AzFL Championship Game on MLB Network

Got a craving for some live baseball? Then check out the Arizona Fall League Championship Game between the Peoria Javelinas and the Phoenix Desert Dogs on MLB Network this afternoon. The broadcast starts at 2:30pm ET, with the game set to start a little after that. Stephen Strasburg was supposed to start for Phoenix, but he’s out with a knee injury.

There aren’t any Yanks’ prospects on either team, but who cares, it’s baseball. Chat about the game here, if you want.

A Bronx return remains Wang’s first choice

Upon his arrival in Taiwan, Chien-Ming Wang demonstrated exercises for reporters. (Via the AP)

In my mind, Chien-Ming Wang is the late ’00s version of the lost Yankee. Through his first 97 starts in the Big Leagues, he had won 54 of them and had sported an ERA of 3.79. He didn’t strike too many guys out, but he went deep into games and used a devastating sinker to keep opponents from elevating the ball.

And then disaster struck in Houston on June 15, 2008. Wang, already showing signs of inconsistency in 2008, injured his foot in a freak baserunning accident, and has never been the same pitcher. He was flat-out awful in 2009 and eventually underwent another shoulder surgery. Now, the Yanks might simply say good bye to the right-hander by non-tendering him. Wang will be 30 come Opening Day and hasn’t been regularly since 2007. The organization wasn’t fooled by his 54 wins and 3.79 ERAs, and with replacements on hand in the Bronx, the Wang era may be over.

Yesterday, Joe explored how Chien-Ming Wang would be open to the idea of pitching for the Dodgers. Wang, after all, knows Joe Torre quite well from their years together in the Bronx, and the National League makes every good pitcher better. But I thought the story odd. Even though Wang hasn’t yet re-upped for 2010 with the Yanks, he’s still under team control (at least for the next few weeks), and other teams can’t talk to him.

So what did Wang actually say? Well, the remarks were given at a press conference upon his arrival back in Taiwan. Wang is a national celebrity in his home country, and the press hinge on his every word. Although the rumors focused on the Dodgers, Wang’s focus is on the Yanks. “I will try my best to secure a return to Major League Baseball, and my first choice would be the Yankees though it would be okay for me to pitch for any other MLB team,” he said. Once another reporter asked about the Dodgers due to the Joe Torre connection, Wang said he would be open to the idea.

The right-hander will begin throwing on December 1, and the Yankees will be able to judge his process before making a decision on his contract status. Joe wrote here yesterday about an arbitration offer, but I dissent. I think $6 million is too great a commitment to a pitcher who is coming off his second shoulder injury and hasn’t thrown more than 95 innings since 2007. I would welcome Wang back to the Bronx, but if he signs elsewhere, I would be okay with it too. For sinkerballers who lose that touch, the end is rather unpleasant to watch.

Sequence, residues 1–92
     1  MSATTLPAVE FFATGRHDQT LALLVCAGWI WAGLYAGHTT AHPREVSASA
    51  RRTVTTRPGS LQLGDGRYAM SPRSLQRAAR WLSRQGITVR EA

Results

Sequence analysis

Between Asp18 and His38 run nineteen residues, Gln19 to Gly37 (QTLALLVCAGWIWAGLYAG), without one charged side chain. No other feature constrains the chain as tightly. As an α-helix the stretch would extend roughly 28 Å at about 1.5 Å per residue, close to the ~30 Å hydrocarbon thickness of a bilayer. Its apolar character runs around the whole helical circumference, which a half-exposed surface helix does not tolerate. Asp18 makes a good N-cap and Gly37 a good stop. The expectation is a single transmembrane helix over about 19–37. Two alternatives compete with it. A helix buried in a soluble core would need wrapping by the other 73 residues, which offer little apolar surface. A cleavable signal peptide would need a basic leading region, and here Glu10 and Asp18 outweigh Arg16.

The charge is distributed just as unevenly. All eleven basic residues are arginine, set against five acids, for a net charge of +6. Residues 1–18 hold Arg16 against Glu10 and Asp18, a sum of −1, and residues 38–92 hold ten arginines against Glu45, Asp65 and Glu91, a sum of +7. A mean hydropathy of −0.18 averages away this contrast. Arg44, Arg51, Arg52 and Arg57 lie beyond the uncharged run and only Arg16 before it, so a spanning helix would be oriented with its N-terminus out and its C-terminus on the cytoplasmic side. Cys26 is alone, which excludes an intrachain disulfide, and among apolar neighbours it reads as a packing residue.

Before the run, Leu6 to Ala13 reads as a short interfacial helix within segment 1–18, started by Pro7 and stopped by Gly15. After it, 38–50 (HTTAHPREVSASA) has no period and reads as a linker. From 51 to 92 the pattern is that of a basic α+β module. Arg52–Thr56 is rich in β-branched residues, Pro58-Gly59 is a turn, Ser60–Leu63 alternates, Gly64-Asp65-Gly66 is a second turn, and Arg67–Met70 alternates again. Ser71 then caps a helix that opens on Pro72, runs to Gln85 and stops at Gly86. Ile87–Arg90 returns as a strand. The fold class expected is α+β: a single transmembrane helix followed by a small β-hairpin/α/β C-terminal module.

The last Yankee days of Shelley Duncan


In 2007, a 27-year-old rookie named Shelley Duncan arrived in the Bronx. Drafted by the Yanks in the second round of the 2001 draft, Shelley, son of Dave, brother of Chris, had a Major League pedigree, and a body to match. He is 6’5″ and 215 pounds, and when he hits, he puts all of those pounds behind his swing.

Through his first 16 games, Duncan reminded Yankee fans of Shane Spencer, another old rookie who came up and smashed. After just 46 big league at-bats, Duncan was hitting .317/.391/.756 with six home runs and 13 RBIs. He played with enthusiasm, smashing forearms with his teammates after each home run and seemed destined for a spot on the Yanks’ bench as a pinch hitter extraordinaire.

But soon thereafter, the holes emerged. Duncan would play in just 18 more games in 2007, earning himself 37 plate appearances. He hit a meager .182/.250/.303 and struck out nine times. In fact, overall, since his hot start, Duncan has been given 117 plate appearances with little successful. He has hit .181/.250/.276 with 27 strike outs and just two home runs. He loves himself some fastballs, but against the breaking balls, Duncan comes up empty.

Yesterday, for the second time during his career, the Yankees outrighted Duncan to AAA, and for all intents and purposes, Duncan’s Yankee career is all but over. When a player is outrighted for a second time, he can refuse the assignment to AAA and become a free agent. Chad Jennings spoke with the 30-year-old this evening, and Duncan said he would do that. “I’ll wait and see,” Duncan said. “I might clear on Monday or something, and if do, then I’ll become a free agent.”

Jennings also sums up the Yanks’ view on Shelley. “The Yankees were clearly never sold on Duncan,” he writes. “He toiled in Tampa and Trenton too long, and his chances of being an impact player in this organization were slim. Duncan, though, has done all he can to prove himself and earn a chance at some big league at-bats.”

The Lo Hud scribe goes on to compare Shelley Duncan to Garrett Jones on the list of those who never made it with their original organization. Jones was a Twins farmhand who broke out this year for the Pirates, but Jones was never the Minor League hitter Duncan was nor was he given the same chance with the Twins Duncan was given with the Yankees. New York brought Duncan with them out of Spring Training in 2008, but after two months of nothing, he was shipped back to AAA.